Tired of emptying your pockets to have your photos mounted and framed? The quality, expense and lack of variety at most framing shops is pretty frustrating. Not only that, putting yourself at the mercy of a someone else's schedule when you're in a hurry to hang or install a show is stressful. Take matters into your own hands and polish off work by casting photos in crystal clear, UV protective epoxy resin. Casting photos in resin is fool-proof and an easy solution to protecting your work while minimizing distractions from the surface of your pieces. This step-by-step tutorial will address how to construct a clean wooden surface to mount your images, seal them, and cast them in resin. It’s easier than you probably expect and the results are stunning.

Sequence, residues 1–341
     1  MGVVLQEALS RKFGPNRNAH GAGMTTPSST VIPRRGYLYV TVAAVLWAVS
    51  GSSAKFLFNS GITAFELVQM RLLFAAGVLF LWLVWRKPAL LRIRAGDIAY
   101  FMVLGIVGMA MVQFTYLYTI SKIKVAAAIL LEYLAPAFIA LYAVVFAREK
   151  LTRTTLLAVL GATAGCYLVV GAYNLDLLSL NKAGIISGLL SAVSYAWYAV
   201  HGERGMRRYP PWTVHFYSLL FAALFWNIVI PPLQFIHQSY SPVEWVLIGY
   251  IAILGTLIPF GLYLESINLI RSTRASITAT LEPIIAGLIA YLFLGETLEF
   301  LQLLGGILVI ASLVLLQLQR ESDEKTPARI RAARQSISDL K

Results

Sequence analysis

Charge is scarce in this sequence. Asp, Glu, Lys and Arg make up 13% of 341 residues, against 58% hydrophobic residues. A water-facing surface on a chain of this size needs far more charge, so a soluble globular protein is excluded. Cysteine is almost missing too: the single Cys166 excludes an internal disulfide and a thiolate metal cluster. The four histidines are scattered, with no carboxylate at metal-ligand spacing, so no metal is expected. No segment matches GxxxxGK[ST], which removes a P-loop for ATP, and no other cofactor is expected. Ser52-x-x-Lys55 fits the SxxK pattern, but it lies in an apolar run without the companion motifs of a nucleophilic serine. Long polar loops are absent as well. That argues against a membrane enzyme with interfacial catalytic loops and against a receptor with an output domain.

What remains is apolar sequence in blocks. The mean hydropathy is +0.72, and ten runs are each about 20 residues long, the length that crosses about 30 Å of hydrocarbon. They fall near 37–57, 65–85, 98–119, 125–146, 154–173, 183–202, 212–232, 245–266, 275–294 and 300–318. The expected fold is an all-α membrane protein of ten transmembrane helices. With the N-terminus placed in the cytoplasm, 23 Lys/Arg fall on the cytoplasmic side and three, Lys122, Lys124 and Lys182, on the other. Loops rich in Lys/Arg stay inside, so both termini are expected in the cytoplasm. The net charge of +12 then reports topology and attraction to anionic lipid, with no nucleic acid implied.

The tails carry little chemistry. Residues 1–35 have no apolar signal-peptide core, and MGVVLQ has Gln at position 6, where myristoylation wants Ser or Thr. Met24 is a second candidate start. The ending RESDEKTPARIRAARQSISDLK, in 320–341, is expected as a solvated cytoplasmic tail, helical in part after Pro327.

The main ingredient for this project is EX-74. There're dozens of epoxy and polyester resins on the market, but in my experience EX-74's the safest to handle and it stands the test of time preserving it's glasslike sheen. It's a two part mixture; one part resin and an equal part hardener. One quart is about the amount I'd suggest using to cover a 15x15" surface; .5 qts resin + .5 qts hardener =15x15" piece. Let this be your base number in determining how many quarts you will need to cast your piece. EX-74's available by the gallon at TAP Plastics or the manufacturer's website eti-usa.com.
Additional supplies: workable fixative, respirator, rubber gloves, heat gun, 2 calibrated gallon buckets, stir-stick, wood patch, spackle spreader, wood glue, acrylic gel medium, exacto or razor, pine struts ~.5"x1.5”, 1/4” mdf slab, tape measure, foam roller, primer, paint brush. Power tools included a table saw, chop saw, belt sander, and nail-gun.
At this point, your photograph should be a hair larger than the surface of the canvas. Don’t trim your image to the canvas just yet. It’s best to trim after it's mounted.